Don’t Fool Yourself……

Tuesday, January 3rd, 2012

Your strategy for growth is in place; your business planning is finalized; you’re all set for 2012 and it’s only 2 Jan.

Sounds good…….

A question if I may. Did you achieve or exceed your targets for 2011?

Who’s first?

You are and yes you did achieve your 2011 targets. Excellent, congratulations.

So how many years in a row is that?                                                             

Only one, eh? Hmm.

Well yes it is important because it means that in the last 2 years you missed your goals at least as many times as you made them. And if that’s a repeating pattern you’re not getting steady growth are you?

Who’s next? No you didn’t make your targets? OK.

Oh, you almost did? Well, actually “almost” isn’t good enough. What would have happened if Apollo 11 had almost got to the moon? Or if they had almost got the Apollo 13 astronauts back alive? See what I mean?

Almost doing something is not the same as doing it.

So here’s my point. Oh, you were wondering when I was going to get to the point.

OK well here it is now………Just one more, quick question first.

Have you developed a new strategy for this year or did you change your business planning process?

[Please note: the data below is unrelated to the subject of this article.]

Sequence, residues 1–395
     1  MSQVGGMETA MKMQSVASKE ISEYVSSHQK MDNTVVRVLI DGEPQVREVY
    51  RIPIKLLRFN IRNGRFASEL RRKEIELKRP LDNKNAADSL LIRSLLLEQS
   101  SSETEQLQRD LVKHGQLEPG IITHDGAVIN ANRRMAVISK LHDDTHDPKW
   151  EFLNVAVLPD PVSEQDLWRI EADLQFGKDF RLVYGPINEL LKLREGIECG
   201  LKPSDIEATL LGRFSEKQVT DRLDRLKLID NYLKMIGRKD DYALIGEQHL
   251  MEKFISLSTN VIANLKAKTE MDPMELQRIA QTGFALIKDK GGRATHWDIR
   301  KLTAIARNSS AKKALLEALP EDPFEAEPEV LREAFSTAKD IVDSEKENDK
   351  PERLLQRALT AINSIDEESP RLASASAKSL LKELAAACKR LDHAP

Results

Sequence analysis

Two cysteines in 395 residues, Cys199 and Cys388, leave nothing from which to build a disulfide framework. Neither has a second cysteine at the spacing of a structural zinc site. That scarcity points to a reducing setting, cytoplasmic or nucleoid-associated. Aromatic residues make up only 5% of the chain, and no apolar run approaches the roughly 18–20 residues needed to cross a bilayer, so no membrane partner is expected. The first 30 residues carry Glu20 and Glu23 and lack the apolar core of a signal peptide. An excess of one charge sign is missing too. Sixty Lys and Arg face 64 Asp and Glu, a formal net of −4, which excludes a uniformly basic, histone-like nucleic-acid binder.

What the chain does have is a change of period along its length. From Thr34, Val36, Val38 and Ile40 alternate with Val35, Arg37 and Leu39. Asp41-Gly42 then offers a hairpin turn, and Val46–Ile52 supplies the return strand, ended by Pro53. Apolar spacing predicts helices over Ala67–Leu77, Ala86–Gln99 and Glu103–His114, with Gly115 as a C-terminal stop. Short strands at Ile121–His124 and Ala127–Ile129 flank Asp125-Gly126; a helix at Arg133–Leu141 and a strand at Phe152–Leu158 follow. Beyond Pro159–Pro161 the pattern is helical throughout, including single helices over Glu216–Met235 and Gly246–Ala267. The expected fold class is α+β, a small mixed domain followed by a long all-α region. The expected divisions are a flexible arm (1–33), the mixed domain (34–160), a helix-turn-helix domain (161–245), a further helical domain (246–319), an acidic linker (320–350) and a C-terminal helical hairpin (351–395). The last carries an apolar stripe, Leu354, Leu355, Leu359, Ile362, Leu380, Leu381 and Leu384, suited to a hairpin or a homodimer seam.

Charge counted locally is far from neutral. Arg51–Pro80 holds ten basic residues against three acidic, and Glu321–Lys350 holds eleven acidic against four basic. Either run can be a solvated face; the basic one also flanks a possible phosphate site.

Why do I ask that?

Because if you missed your targets in 2011 – or haven’t made them for more than one year in a row – and you haven’t changed or modified your strategy and business planning process, what makes you think you’ll achieve or exceed your targets in 2012?

Why would using the same tools, in the same way, result in a different outcome?

The point is, you could be sitting there full of confidence for 2012 because you completed your strategic and business planning processes.

But the seeds of more missed targets are already planted and growing – because those processes aren’t delivering results.

Well, yes, you can do something about it now. You don’t want to wait until the end of the first quarter when a chunk of the year has already gone.

Get someone impartial to look at your strategy and business planning process for you.

Who?

We can. Give us a call and ask about our Tune Up. It’s quick and inexpensive. We’ll tell you what needs to be adjusted – if anything.

And you can go back to feeling confident about 2012.

Any questions?

If you enjoyed this you will also enjoy So Tell Me, What Is Strategy? and 4 Things Every Business Owner Must Think About.